Google Inc. (NASDAQ:GOOG) bought Motorola Mobility earlier this year and has been strongly defending the company's robust patent portfolio in the wireless and overall digital technology universe. Motorola has quite a few patents that are called "industry standard," which means they are the patents that help the entire industry - specifically, for example, patents that allow all smartphones to interact with each other and between various wireless carriers. They are patents that help consumers communicate and thus there are supposed to be protections where holders of industry standard patents can be paid a licensing fee in exchange for competing companies to use those patents in a fair, reasonable and non-discriminatory (FRAND) manner.
But according to the Federal Trade Commission, Google Inc. (NASDAQ:GOOG) is not being very fair or reasonable in its dealings with competitors regarding these types of patents, and the group is due to file an antitrust lawsuit against Google Inc. (NASDAQ:GOOG), perhaps by the end of the year. FTC staff made the recommendation to sue to the entire board of commissioners, and it appears that the majority of the commission is in favor of the recommendation, which was evidenced by an earlier post here where we noted that the FTC had hired an antitrust expert, who is pretty much only hired to give testimony in legal proceedings.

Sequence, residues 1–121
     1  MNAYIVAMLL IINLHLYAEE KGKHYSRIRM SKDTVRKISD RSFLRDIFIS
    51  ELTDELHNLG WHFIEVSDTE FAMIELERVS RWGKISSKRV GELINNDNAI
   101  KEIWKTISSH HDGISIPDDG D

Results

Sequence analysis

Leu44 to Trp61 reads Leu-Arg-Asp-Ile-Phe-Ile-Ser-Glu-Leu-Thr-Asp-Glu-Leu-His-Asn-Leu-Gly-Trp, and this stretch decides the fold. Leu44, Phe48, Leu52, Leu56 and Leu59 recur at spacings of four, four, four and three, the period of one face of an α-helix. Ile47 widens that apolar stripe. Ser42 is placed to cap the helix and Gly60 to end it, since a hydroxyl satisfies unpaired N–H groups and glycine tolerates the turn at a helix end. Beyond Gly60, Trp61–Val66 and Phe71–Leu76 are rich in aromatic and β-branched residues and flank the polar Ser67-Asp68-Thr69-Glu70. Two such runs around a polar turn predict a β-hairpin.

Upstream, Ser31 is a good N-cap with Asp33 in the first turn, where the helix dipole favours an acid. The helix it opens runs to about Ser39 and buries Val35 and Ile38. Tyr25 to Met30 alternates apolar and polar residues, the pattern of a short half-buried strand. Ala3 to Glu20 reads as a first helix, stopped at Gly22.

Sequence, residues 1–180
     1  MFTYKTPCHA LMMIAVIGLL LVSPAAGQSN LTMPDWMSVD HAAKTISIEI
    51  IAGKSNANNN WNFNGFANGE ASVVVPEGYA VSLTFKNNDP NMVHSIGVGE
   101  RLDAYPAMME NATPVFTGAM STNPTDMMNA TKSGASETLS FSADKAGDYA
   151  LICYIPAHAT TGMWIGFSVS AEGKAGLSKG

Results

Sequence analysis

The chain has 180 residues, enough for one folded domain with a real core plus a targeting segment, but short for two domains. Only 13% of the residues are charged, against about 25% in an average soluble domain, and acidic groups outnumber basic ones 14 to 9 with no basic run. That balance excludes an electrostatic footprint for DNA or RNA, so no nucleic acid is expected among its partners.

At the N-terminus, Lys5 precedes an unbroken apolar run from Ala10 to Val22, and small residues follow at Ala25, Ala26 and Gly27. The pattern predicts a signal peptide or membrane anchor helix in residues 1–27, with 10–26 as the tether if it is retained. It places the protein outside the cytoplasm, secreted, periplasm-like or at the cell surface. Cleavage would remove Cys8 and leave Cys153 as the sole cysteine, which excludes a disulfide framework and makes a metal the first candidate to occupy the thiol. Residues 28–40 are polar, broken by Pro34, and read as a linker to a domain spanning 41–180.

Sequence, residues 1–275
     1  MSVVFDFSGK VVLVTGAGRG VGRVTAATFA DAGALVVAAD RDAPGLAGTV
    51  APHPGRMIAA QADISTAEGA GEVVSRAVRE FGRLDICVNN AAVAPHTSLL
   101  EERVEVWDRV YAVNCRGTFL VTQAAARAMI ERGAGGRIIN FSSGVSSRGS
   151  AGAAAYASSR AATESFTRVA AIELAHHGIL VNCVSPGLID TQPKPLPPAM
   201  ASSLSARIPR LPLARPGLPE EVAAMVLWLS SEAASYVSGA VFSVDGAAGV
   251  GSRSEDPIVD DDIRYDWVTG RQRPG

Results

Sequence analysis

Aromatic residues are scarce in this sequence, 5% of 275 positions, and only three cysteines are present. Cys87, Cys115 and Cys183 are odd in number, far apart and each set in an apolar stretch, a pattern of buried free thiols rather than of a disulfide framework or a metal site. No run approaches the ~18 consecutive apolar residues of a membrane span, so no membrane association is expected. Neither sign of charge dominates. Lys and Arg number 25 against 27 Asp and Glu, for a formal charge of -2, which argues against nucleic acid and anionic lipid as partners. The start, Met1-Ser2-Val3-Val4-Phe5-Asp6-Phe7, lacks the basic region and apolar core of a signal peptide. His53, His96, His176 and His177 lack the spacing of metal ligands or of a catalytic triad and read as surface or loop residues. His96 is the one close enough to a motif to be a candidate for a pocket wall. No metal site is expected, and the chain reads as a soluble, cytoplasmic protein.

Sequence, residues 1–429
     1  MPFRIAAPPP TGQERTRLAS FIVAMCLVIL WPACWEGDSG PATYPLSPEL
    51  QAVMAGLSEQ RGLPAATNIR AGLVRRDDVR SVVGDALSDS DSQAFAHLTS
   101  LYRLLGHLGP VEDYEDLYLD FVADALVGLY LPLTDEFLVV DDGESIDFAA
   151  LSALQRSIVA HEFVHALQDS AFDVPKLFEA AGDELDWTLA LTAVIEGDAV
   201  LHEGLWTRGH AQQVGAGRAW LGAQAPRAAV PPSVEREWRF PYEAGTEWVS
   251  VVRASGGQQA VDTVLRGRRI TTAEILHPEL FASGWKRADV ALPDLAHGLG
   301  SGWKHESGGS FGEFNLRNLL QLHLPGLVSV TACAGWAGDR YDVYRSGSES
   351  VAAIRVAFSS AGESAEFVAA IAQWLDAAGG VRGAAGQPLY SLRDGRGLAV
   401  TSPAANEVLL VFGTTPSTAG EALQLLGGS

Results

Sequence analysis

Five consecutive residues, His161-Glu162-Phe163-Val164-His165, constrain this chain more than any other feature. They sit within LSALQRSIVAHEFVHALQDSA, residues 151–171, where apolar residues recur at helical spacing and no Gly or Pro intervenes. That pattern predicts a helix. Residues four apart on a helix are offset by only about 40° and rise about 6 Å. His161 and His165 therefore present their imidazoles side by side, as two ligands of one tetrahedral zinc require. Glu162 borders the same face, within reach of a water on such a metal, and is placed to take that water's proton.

Google Inc. (NASDQ:GOOG) has been investigated on its crusade to impose import bans on Microsoft Corporation (NASDAQ:MSFT) and Apple Inc. (NASDAQ:AAPL) products that infringe on industry-standard patents which Motorola Mobility owns. The investigation began this summer when the FTC sought information about whether Google Inc. (NASDAQ:GOOG) was offering licenses for technology that allowed Microsoft Corporation (MSFT) and Apple Inc. (AAPL) to use Motorola's patents for 3G wireless, wi-fi and video streaming.
Can Google Inc. (NASDAQ:GOOG) overcome this issue? Should investors like billionaire fund manager David Tepper of Appaloosa Management LP be concerned about thi, or is this just "politics" that may go away after the election?